The Northern Hemisphere summer is nearly here, and with it the hurricane season. With the FPB fleet getting ready to depart New Zealand for points North, and one of the boats thinking about winding up in Hawaii or California, we have been looking at the long range weather forecasts.
As for the Atlantic season the forecast team at Colorado State university says the following:
We anticipate that the 2013 Atlantic basin hurricane season will have enhanced activity compared with the 1981-2010 climatology. The tropical Atlantic has anomalously warmed over the past several months, and it appears that the chances of an El Niño event this summer and fall are unlikely. We anticipate an above-average probability for major hurricanes making landfall along the United States coastline and in the Caribbean. Coastal residents are reminded that it only takes one hurricane making landfall to make it an active season for them, and they need to prepare the same for every season, regardless of how much or how little activity is predicted. (as of 10 April 2013)
You can download the report and updates by clicking here.
For a heads up on the Pacific season as it is looking right now, we asked our favorite weather guy, Rick Shema. Rick’s comments follow:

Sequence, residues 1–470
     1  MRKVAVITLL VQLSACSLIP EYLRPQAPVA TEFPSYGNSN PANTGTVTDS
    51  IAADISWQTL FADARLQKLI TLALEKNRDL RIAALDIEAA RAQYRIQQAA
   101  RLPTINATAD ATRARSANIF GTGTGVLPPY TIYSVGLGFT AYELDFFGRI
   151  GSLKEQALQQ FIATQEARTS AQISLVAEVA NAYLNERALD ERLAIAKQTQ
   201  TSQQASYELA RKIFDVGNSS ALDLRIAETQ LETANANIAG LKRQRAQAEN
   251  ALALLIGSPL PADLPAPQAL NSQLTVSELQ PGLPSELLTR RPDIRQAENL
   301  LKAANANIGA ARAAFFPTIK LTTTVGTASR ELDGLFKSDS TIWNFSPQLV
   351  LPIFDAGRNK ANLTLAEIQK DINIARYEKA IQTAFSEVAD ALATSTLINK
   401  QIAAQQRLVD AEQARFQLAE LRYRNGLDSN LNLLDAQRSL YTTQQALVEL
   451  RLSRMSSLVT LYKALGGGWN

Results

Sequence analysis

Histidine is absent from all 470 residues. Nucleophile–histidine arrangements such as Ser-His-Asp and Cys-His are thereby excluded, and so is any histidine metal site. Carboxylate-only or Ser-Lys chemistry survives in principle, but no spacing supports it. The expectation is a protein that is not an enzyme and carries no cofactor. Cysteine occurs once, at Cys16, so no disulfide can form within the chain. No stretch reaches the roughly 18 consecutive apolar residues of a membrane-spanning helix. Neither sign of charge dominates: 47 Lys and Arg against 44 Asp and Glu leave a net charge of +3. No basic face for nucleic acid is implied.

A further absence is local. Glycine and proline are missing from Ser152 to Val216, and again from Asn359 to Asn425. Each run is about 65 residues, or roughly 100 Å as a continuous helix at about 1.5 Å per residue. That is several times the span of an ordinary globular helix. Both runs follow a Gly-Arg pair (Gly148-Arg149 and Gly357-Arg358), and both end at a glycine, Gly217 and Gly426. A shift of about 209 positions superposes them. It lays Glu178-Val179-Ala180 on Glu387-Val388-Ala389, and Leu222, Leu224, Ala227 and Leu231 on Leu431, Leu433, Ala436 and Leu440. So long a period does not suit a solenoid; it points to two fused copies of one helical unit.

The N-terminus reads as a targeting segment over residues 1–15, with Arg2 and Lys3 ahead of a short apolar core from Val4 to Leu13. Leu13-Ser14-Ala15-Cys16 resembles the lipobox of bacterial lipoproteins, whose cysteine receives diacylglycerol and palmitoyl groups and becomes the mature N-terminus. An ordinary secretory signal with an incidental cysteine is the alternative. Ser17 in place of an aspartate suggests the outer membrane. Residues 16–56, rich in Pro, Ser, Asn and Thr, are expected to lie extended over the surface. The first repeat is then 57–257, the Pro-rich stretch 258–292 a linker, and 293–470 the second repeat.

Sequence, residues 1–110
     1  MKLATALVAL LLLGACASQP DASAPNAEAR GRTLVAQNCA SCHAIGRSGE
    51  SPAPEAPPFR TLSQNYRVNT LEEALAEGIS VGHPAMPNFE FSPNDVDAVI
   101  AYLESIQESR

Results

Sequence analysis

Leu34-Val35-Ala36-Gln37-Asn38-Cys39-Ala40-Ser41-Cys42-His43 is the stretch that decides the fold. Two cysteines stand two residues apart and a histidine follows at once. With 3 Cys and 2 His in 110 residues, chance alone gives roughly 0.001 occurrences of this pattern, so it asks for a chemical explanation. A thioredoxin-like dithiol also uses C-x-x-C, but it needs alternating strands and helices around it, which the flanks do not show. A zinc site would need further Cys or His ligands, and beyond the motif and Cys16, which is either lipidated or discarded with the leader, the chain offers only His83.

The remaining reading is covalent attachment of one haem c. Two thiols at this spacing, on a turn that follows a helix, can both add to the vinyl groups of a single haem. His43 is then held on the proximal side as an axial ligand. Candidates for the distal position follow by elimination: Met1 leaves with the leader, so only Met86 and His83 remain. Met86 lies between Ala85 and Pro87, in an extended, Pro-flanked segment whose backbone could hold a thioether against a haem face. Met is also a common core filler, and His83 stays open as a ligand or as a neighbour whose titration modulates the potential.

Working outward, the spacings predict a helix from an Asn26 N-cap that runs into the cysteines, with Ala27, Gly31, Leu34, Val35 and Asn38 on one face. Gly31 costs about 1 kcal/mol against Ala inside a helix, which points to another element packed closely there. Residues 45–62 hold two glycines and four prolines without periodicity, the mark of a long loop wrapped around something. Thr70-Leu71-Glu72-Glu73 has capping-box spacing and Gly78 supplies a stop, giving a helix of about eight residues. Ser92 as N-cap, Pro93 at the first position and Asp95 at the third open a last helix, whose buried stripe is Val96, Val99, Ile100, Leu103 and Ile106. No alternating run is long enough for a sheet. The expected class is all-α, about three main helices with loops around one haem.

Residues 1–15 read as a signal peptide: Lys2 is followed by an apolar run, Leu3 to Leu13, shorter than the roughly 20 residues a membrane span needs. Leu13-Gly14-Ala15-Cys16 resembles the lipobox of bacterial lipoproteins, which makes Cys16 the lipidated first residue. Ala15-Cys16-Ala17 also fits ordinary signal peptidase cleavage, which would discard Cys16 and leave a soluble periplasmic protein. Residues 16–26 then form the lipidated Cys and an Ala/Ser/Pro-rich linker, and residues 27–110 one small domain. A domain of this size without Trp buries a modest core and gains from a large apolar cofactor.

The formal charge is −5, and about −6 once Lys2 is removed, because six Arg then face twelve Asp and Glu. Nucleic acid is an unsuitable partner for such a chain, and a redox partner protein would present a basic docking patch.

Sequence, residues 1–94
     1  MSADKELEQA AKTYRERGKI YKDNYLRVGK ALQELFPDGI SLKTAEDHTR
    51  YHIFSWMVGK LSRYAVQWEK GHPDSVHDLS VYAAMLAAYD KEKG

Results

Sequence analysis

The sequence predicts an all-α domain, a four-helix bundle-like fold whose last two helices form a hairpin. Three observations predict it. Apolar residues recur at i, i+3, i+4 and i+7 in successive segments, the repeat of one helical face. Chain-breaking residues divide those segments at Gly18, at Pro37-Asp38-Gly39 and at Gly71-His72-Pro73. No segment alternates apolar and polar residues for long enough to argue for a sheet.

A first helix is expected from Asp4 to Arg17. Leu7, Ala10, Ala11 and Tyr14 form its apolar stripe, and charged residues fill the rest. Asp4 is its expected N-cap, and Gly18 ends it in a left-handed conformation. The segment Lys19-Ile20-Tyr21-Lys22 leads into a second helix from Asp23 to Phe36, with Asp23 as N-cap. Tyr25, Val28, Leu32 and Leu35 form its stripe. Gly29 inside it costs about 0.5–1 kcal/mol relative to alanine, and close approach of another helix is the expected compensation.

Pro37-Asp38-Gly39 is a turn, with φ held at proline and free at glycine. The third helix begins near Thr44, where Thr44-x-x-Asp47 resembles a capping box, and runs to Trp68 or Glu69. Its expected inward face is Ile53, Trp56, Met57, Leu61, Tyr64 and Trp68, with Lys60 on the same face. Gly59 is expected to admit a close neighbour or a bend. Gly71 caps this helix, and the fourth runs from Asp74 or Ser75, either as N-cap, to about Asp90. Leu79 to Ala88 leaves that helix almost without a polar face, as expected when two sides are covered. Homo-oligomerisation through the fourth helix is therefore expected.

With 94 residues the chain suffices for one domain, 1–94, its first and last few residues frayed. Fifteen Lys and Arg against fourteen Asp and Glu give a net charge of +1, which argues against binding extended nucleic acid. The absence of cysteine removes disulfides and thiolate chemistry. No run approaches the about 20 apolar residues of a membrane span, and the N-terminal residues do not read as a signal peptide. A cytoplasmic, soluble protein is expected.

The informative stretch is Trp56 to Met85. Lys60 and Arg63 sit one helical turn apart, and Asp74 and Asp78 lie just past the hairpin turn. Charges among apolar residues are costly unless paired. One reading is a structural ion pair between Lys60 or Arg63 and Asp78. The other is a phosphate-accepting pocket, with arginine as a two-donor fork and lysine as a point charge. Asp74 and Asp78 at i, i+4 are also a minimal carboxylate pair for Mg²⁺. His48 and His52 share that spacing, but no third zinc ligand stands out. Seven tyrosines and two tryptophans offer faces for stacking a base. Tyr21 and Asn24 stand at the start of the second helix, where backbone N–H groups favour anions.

Yes, I can comment on tropical cyclones (TC’s) in north east Pacific Ocean basin. It looks as though we can expect a near average season for tropical cyclone activity in the north east Pacific Ocean basin.
There has not been as much research in the basin as has the Atlantic Ocean region. Understandably, this likely stems from the relative lack of risk to life and property in the Pacific as most storms spend their life harmlessly at sea, except for mariners.
Statistical numbers of tropical cyclones in the north east Pacific Ocean east of 140 W longitude are generally categorized. That being on average 14-15 named storms per season. Of those TC’s, about three develop into Cat 3 or greater strength hurricanes, eight to nine Cat 1 or 2 hurricanes, and about two to three tropical storms. URL: http://www.nhc.noaa.gov/climo/ has more details.
Of course, any one year TC actively can swing widely from climatological norms. This variation can be mostly attributed to the correlation of global weather oscillations like ENSO (El Nino Southern Oscillation). During El Nino events (warm phase), there can be about three times the number of TC’s in the north east Pacific and any number between depending on the strength of the ENSO cycle. Alternatively, during La Nina events (cold phase) less than average TC’s can be expected in the north east Pacific Ocean basin.
For 2013 tropical cyclone season, forecasts for ENSO are neutral and should not have a major impact on TC activity this year. So, TC activity should be near normal or 14-15 named storms in the north east Pacific Ocean. ENSO cycles are my main criteria for determining TC activity.
At a later date we will discuss some of the strategies we have used for getting through the North Pacific hurricane belt during the season of tropical storms.